I just completed my third full “junk, bunk, and trunk” move in 3 years.
We’re now settled into a splendid house in the Woluwe-Saint-Pierre area of Brussels.
My first order of business in the new house was to set up my home office.
So I targeted the largest room in the house with visions of creating an office fit for Queen Mathilde.
But as I was planning where my desk would go, I literally slipped on a piece of paper from the Embassy Housing Office with the following quote by Leonardo da Vinci printed across the top:
“Small rooms or dwellings discipline the mind, large ones weaken it.”
After a minute of scratching my head, I stopped my regal plans and realized that I actually prefer creating in small, cozy spaces. So I opted for the smaller room and went to work.
I organized my pens, paper, documents, books and other office supplies. I then scattered the room with pictures, art, and mementos that fill me with joy.
I LOVE the final result.
I’ve worked in homes, offices, cubicles, shipping containers, palaces, coffee shops, call centers, cattle pastures, bars, and the streets (yes, I was a door-to-door canvasser).
With all those venues under my belt, I’ve identified 3 key components to creating the perfect work space:
1. It’s full of stuff you love
From pictures to scented candles to my favorite Native American art, I look around my office and see only things that I love to see.
If I don’t love it, it goes away.
2. It’s tidy
Don’t get me wrong, many a great mind has had a cluttered desk – like this great shot of Steve Jobs:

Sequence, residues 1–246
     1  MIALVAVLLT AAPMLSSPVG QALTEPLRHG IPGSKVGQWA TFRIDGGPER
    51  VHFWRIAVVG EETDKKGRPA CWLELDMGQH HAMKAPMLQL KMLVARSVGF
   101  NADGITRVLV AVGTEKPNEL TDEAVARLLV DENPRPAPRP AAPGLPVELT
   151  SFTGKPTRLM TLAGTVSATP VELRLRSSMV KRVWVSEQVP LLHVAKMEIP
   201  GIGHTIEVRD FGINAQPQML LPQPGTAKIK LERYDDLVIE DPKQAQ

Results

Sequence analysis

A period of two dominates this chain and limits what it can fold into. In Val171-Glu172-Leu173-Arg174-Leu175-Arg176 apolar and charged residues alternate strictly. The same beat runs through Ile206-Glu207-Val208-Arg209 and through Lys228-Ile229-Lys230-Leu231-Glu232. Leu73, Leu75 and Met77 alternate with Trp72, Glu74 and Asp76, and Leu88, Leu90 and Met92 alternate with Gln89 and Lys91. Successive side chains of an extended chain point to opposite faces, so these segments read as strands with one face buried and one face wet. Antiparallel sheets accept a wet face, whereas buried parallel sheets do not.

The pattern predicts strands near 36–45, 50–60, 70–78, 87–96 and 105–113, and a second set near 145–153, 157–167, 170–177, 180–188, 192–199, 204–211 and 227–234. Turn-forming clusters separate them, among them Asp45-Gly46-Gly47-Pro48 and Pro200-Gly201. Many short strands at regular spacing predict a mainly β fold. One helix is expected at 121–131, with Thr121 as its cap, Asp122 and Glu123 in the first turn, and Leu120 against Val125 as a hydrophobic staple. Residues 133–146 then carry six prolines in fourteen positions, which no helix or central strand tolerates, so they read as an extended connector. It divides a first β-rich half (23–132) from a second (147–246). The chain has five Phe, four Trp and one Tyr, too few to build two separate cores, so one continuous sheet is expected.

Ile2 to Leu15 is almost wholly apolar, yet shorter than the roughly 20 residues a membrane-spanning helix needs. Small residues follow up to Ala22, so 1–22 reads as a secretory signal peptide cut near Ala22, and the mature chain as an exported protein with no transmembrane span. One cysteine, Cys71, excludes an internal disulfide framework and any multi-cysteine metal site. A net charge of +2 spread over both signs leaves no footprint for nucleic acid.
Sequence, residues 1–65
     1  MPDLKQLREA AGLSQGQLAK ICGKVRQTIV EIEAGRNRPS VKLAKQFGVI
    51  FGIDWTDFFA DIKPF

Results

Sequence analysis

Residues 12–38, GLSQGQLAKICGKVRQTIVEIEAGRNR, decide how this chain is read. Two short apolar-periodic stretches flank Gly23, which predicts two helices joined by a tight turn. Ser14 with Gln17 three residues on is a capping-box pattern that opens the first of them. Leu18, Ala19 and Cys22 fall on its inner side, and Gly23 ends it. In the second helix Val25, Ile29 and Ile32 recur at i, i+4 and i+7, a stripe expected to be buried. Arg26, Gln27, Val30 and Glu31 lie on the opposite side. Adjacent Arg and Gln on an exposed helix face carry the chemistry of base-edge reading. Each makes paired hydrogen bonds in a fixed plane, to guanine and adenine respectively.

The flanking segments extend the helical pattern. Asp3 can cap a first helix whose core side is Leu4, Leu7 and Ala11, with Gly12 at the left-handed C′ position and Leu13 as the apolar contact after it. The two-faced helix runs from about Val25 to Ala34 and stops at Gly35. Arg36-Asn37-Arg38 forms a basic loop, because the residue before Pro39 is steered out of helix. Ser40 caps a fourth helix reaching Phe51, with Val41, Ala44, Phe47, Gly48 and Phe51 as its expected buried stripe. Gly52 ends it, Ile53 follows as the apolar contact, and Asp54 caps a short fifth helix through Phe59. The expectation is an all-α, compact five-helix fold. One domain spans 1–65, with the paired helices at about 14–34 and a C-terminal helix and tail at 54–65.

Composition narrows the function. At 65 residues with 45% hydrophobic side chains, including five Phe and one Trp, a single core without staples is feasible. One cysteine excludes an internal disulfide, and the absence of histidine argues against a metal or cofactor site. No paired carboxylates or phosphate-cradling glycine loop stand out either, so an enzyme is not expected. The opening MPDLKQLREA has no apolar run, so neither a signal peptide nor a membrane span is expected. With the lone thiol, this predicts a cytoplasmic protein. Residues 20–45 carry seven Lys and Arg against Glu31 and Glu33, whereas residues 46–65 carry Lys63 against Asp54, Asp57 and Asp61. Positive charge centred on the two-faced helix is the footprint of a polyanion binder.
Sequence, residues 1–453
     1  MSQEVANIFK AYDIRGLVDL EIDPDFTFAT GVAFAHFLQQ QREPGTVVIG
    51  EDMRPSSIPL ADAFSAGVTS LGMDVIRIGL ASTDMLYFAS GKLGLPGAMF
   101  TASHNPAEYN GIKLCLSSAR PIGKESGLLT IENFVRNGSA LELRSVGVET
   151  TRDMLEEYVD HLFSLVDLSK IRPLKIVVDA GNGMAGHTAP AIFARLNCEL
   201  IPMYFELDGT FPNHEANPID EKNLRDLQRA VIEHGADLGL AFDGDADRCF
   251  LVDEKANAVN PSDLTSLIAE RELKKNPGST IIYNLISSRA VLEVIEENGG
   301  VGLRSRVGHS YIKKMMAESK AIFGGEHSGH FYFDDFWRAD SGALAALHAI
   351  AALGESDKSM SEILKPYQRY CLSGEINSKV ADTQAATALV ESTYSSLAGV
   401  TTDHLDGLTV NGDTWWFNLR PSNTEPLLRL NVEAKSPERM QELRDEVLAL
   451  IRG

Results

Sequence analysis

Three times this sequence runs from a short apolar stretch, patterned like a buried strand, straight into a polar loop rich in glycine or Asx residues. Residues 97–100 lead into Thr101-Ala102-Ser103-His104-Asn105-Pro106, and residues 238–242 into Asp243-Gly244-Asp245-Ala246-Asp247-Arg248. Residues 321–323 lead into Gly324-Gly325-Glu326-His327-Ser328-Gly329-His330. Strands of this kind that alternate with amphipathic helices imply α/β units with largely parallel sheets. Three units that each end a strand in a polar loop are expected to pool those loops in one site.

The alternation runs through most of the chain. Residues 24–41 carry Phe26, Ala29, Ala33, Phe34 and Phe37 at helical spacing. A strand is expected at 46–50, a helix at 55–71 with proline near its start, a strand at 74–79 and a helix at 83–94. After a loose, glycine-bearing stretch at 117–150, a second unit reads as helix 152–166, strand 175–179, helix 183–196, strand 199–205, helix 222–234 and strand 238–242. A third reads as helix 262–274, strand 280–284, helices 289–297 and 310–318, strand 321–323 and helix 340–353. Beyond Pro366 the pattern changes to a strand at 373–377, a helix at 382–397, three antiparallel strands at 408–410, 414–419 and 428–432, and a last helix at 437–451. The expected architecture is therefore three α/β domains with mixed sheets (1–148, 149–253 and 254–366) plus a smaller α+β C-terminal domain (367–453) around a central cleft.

For me, orderliness is next to godliness. So I like things neat, organized, and minimal.
3. It’s a distraction-free zone
In Stephen King’s fabulous book On Writing: A Memoir of the Craft, he spends almost an entire chapter on the importance of having a door to your writing space. You can write in the laundry room, just make sure there’s a door.
Distractions are productivity Kryptonite. When you’re in a cubicle or have children running about the house, it may be hard to keep the distractions at bay. But do what you can to quiet your office mates or carve out distraction-free times of the day.
So how is your work space treating you?
Whether you work from home or in an office, does it feel good?
Is it arranged in a way that makes you feel like creating?
If not, I challenge you to make your works pace a place where you love to be. Fill it full of stuff you love, make your version of tidy, and remove the distractions.
See what a difference your surroundings can make for your productivity, creativity and general happiness.
I’d love to know, what does your work space look like?
Post a comment below and share with a few mates.